Volume 10, Issue 1, 2019
Between Religion and Science
Shifting Views on Knowledge in Acem and the Transcendental Meditation Movement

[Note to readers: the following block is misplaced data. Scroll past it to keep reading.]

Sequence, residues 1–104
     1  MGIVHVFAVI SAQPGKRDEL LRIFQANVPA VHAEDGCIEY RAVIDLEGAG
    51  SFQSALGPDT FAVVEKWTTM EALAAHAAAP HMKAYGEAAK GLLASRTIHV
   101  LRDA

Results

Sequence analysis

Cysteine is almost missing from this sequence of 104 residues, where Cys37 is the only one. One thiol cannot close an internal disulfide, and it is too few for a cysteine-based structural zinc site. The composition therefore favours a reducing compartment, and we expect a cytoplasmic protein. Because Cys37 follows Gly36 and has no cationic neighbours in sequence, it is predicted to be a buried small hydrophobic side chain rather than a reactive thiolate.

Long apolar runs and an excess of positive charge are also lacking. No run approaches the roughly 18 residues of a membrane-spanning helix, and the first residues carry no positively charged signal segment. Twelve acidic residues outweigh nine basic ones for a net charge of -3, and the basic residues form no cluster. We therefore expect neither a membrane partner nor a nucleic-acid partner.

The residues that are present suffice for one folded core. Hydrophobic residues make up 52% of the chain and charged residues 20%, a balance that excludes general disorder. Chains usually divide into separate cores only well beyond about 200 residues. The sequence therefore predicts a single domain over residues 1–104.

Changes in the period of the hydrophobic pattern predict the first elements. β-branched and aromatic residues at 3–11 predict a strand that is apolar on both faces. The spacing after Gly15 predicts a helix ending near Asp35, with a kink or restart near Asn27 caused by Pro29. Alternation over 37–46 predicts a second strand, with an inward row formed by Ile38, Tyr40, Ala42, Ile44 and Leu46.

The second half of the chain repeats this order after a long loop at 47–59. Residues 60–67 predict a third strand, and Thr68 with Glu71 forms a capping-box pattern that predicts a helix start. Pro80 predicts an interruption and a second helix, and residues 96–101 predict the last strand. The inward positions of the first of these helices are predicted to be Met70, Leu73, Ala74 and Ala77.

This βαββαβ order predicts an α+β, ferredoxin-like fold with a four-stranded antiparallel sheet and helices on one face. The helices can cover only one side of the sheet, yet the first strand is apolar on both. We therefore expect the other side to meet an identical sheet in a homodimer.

This article offers a comparative analysis of the relationship between science and religion in Acem and the Transcendental Meditation organisation. Both these meditation movements have their historical origin in the teachings of the Indian guru Maharishi Mahesh Yogi and the Hindu Advaita Vedānta tradition. Their further development in the West has been characterised by varying degrees of cultural adaptation. The TM movement has retained a worldview which is inherently religious, but has developed its teachings through its encounters with modern science, and developed a panoply of alternative “scientific” disciplines. The TM movement has also systematically employed scientific terms and tropes to communicate effectively with a Western audience. Acem has discarded religious explanations altogether, and sees modern science as the sole source of reliable knowledge. The shifts in what is conceived to be plausible forms of knowledge have been paired with changes in terminology and self-descriptions. It is argued that the increased emphasis on and normative elevation of science can be seen as strategies to gain legitimacy and appeal in a cultural environment that tends to favour science over religion. The article thus sheds light upon some of the challenges that may arise when a body of knowledge moves between different cultural contexts, and strategies used to encounter these.